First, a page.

This past weekend, members of Region 2 headed to upstate New York to take part in a weekend of Wilderness First Aid training in Oriskany. Mustering before 0800 on Saturday to begin training for the day, the temperatures began to rise, and the minutes, then hours, ticked on, and still, there was no sign of the instructor. Then, the team learned the instructor had been in a car accident while en route to training. Thankfully, he was okay, but his car was totaled, and with that, training for the weekend was cancelled.
Never ones to sit back and relax, the team began calling around for a local area in need to create an impromptu service project. They reached Jeffrey Vollmar, Region 2 Field Operations Manager for southern New Jersey, who happened to be in nearby Smithfield, NY, a small town about 30 miles southeast of Syracuse. There, Vollmar was already assisting a local community that was hit with an unusual tornado early in the week. Several lives were lost and some homes completely destroyed.
All ten R2 members who showed up for training made the trip to Smithfield where they joined Vollmar, a Marine Corps veteran, to help an Air Force veteran whose life and family were torn apart. The team jumped into action to offer support, using recently learned chainsaw skills to clear trees and clean the property.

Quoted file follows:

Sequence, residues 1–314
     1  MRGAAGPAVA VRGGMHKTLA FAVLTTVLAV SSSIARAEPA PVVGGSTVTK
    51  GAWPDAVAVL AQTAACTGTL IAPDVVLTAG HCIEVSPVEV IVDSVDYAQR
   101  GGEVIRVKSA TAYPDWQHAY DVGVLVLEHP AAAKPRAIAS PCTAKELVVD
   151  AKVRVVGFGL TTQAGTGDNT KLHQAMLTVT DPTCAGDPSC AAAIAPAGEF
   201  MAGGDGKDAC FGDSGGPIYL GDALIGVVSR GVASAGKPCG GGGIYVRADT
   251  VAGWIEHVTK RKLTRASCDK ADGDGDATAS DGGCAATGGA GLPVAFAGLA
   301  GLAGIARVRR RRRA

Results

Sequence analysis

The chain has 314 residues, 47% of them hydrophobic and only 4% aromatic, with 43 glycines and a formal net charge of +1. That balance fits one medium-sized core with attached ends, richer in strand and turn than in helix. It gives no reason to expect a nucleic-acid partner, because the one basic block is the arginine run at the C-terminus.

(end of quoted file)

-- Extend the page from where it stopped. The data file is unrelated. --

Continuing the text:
At the end of the day, Team Rubicon presented an American Flag to the homeowner and his family. Vollmar later reflected on the day’s service:
“My thoughts and prayers go out to the families that lost loved ones when this tornado struck. Our team spoke with several surviving family members who shared hugs, tears, and handshakes with us. I’ve been with Team Rubicon since Superstorm Sandy struck and have been active on operations and service projects as often as I can. I often ask others, ‘What made you sign up with TR?’, and while I’ve received lots of different answers, they all lead down to the same conclusion: Because I want to continue serving my country and because it’s the right thing to do. I have looked into many pairs of eyes of people who have lost everything and there is no amount of money in the world that can take the place of the feeling you get when you are helping others in their time of need.”